The U.S. House Ways and Means Committee today approved H.R. 397, the “Rehabilitation for Multiemployer Pensions Act of 2019,” as modified by a chairman’s amendment. The bill was approved by a vote of 25 to 17.
Focusing upon the funding crisis facing many multiemployer defined benefit plans (MEPs), the bill would create the Pension Rehabilitation Administration (PRA) within the U.S. Treasury Department. The PRA would be established not later than September 30, 2019, and would be authorized to issue government bonds to finance loans to certain MEPs. To qualify for a loan from the PRA, MEPs would have to meet a number of qualifications, including being:
The loans made to qualified MEPs would be 30-year loans, with interest-only payments made for a period of 29 years, and a final interest and principal payment due in the 30th year after the date of the loan.
During his opening statement today, Ways and Means Chairman Richard Neal (D-MA) stated that:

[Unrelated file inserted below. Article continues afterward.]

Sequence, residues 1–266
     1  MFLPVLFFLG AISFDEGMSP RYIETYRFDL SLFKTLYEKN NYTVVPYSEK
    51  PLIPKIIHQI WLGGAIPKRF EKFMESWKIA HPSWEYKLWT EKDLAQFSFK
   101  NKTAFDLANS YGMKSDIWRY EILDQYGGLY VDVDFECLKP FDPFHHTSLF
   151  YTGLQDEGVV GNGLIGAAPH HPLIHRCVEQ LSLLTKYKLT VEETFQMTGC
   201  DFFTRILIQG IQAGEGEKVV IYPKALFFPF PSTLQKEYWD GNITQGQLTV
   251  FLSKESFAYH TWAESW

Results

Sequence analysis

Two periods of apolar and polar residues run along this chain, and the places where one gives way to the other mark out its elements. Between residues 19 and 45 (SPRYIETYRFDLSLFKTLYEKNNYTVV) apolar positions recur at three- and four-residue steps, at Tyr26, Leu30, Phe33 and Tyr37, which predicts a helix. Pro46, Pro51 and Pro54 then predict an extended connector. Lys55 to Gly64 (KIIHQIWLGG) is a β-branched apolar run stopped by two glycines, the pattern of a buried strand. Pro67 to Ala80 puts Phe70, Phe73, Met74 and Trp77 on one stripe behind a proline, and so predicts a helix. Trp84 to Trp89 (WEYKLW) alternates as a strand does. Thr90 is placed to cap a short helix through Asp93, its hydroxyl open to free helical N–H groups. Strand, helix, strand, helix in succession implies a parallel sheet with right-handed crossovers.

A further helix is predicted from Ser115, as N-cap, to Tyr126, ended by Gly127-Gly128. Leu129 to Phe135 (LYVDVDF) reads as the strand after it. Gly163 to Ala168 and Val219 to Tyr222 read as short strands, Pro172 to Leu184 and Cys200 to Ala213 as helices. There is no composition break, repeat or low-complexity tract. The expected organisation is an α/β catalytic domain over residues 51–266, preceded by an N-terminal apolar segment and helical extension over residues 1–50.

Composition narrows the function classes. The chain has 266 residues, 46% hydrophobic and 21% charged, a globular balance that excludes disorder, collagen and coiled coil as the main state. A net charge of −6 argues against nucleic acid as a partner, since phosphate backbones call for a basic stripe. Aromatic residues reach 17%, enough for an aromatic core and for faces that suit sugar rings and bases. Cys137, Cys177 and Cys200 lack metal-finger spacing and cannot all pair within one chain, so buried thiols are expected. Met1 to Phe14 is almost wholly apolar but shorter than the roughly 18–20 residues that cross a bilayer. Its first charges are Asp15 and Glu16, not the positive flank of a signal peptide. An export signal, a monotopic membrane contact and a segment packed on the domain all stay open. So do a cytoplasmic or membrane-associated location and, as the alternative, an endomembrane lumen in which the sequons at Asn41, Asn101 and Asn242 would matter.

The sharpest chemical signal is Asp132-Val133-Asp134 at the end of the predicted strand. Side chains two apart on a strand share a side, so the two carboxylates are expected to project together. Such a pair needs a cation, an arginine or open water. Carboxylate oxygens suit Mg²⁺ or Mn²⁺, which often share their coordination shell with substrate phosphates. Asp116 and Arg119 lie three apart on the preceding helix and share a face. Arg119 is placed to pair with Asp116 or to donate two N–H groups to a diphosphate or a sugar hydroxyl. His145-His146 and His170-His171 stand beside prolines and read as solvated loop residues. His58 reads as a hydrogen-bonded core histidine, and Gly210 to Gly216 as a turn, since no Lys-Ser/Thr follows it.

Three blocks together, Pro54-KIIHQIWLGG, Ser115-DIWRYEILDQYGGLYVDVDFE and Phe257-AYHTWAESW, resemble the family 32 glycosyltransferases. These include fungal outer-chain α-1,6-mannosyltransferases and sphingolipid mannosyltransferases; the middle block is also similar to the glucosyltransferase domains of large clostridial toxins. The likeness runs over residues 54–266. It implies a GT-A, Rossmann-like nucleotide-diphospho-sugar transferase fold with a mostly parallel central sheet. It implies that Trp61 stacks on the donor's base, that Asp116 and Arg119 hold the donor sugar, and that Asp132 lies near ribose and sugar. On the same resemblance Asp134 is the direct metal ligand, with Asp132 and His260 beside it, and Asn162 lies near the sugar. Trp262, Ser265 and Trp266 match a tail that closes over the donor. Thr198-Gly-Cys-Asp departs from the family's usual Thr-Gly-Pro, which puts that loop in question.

The [bill] would give the millions of workers and retirees . . . the security that the retirement that they worked and planned for will be there in their golden years.
Ranking member Kevin Brady (R-TX) expressed the following:
[U]nfortunately, this bill today doesn’t make these failing plans more stable, doesn’t end underfunding, or make them more solvent over time. . . . Today’s bill is well intended. But it isn’t the answer; in some cases, it could make it worse for workers down the road.
The legislation also falls under the jurisdiction of the House Committee of Education and Labor in addition to the jurisdiction of the House Ways and Means Committee. The Education and Labor Committee on June 11, 2019, by a party-line vote of 26-18, approved H.R. 397.
During the markup today, Chairman Neal indicated that modifications from the original bill that were included in the chairman’s amendment were made in consultation with the Education and Labor Committee. He indicated that the two committees have “agreed that when the [bill] proceeds to the floor for a Rules Committee print, it will incorporate the negotiated changes to the education and labor provisions and the changes made here in the Ways and Means Committee.” He also indicated that there will be an opportunity for additional changes to the bill at that time as well.
Assuming the bill passes the House, it is not clear whether or when the Senate might act.
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